Blog Profile / Language Log


URL :http://languagelog.ldc.upenn.edu/nll/
Filed Under:Academics / Linguistics
Posts on Regator:3212
Posts / Week:8.2
Archived Since:February 24, 2008

Blog Post Archive

Back to the Bushisms industry?

That's what David Donnell wondered about this article: Jack Shafer, "Donald Trump Talks Like a Third-Grader", Politico 8/13/2015: Donald Trump isn’t a simpleton, he just talks like one. If you were to market Donald Trump’s vocabulary as a toy, it would resemble a small box of Lincoln Logs. Trump resists multisyllabic words and complex, writerly […]

Blooming, embellishment, and bombs

In the comments to a recent post about the length differential between French and English, the concept of "blooming" was introduced. The ensuing discussion prompted one Language Log reader to spell out her thoughts at greater length.  I should provide a bit of background about this anonymous contributor, namely, she lived through the bombing of […]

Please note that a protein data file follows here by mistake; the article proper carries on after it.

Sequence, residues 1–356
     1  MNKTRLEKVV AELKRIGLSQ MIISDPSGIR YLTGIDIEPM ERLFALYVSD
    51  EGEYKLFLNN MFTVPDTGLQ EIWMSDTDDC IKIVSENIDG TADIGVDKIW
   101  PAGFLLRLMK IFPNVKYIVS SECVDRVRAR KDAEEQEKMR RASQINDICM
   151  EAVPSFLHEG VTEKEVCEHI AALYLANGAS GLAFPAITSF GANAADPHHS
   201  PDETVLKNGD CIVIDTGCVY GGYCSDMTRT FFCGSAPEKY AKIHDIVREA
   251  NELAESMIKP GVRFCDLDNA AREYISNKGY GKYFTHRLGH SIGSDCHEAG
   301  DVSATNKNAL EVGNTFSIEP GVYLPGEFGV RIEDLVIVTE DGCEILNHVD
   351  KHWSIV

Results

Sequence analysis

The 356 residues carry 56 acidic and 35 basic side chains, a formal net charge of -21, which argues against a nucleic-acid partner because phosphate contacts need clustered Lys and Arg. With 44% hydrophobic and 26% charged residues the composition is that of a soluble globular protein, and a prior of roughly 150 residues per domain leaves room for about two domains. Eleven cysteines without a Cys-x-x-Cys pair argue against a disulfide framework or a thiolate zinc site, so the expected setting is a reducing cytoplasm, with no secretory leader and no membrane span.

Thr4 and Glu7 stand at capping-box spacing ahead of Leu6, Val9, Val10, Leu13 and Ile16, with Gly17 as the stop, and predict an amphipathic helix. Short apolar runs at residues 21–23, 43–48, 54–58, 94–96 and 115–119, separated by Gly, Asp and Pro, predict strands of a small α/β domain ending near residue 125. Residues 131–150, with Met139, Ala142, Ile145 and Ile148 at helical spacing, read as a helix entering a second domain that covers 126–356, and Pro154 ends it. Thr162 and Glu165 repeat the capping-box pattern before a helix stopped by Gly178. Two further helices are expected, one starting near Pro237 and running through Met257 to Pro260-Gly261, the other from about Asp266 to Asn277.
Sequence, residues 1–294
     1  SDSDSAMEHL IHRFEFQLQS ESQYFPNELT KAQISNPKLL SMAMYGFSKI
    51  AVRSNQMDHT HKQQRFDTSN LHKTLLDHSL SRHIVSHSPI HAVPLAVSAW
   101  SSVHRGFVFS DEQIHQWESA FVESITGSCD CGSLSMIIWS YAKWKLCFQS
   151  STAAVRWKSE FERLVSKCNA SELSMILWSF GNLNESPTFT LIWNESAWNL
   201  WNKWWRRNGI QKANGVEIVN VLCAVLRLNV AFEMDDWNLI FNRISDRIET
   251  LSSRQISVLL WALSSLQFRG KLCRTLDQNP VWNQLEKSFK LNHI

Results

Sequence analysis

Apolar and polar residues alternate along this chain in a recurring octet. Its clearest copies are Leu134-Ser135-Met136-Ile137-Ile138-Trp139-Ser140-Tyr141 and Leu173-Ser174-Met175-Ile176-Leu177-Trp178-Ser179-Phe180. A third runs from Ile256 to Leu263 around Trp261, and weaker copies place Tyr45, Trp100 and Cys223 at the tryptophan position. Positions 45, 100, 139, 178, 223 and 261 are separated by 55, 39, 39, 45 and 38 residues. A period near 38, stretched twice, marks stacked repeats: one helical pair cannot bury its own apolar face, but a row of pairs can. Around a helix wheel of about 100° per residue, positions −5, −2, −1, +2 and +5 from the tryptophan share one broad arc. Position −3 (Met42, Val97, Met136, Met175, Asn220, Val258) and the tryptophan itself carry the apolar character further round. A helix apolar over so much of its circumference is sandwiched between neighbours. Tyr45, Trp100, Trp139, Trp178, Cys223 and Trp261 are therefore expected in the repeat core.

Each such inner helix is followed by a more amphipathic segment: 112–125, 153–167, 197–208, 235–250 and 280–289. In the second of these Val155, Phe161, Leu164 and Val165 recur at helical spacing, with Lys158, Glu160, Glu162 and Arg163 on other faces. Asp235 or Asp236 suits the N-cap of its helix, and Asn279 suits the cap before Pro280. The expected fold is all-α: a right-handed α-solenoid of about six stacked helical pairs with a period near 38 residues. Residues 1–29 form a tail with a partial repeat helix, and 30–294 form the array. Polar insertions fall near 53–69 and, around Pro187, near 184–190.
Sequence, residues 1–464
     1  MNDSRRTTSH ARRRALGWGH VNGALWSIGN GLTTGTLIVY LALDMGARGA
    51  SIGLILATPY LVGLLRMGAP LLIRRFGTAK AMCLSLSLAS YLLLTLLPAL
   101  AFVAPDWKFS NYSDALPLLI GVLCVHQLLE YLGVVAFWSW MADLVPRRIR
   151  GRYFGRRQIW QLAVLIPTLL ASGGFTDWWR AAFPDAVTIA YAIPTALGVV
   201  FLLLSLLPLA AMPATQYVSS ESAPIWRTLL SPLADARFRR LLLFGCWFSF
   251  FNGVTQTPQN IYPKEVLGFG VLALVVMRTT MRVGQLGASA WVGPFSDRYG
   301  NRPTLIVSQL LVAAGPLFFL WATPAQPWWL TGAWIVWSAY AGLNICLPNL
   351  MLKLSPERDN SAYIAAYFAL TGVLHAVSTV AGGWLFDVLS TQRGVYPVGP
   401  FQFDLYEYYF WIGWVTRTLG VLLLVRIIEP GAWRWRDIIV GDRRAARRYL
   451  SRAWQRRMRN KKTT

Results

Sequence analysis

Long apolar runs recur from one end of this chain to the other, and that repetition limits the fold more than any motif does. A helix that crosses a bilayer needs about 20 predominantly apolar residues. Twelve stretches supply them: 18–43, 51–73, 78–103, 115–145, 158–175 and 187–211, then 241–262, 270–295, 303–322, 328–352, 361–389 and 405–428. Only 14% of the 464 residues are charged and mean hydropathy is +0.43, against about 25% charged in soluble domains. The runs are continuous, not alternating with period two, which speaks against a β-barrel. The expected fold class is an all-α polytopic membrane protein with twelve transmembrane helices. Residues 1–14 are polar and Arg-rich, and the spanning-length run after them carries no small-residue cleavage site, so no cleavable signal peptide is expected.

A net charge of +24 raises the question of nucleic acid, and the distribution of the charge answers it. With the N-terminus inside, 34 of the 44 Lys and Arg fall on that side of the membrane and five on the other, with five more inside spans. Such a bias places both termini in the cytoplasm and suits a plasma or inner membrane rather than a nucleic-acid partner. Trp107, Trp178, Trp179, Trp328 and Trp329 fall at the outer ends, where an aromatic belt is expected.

Fun with commas

For your reading pleasure this morning: Kenneth Adams, "Bamboozled by a Comma: The Second Circuit’s Misdiagnosis of Ambiguity in American International Group, Inc. v. Bank of America Corp.", 16 Scribes J. Legal Writing 45 (2014–15): In its opinion in American International Group, Inc. v. Bank of America Corp., the United States Court of Appeals for […]

Of mynas and miners, bells and whistles

Over at Spicks & Specks, Greg Pringle has a virtuoso post on "The Bell Miner:  How orthography and ornithology catalysed a new folk etymology" (8/9/15).  It's about an Australian honeyeating bird — Manorina melanophrys — that used to be called the Bellbird, but was renamed Bell Miner through association with the South Asian bird called […]

Recommended For You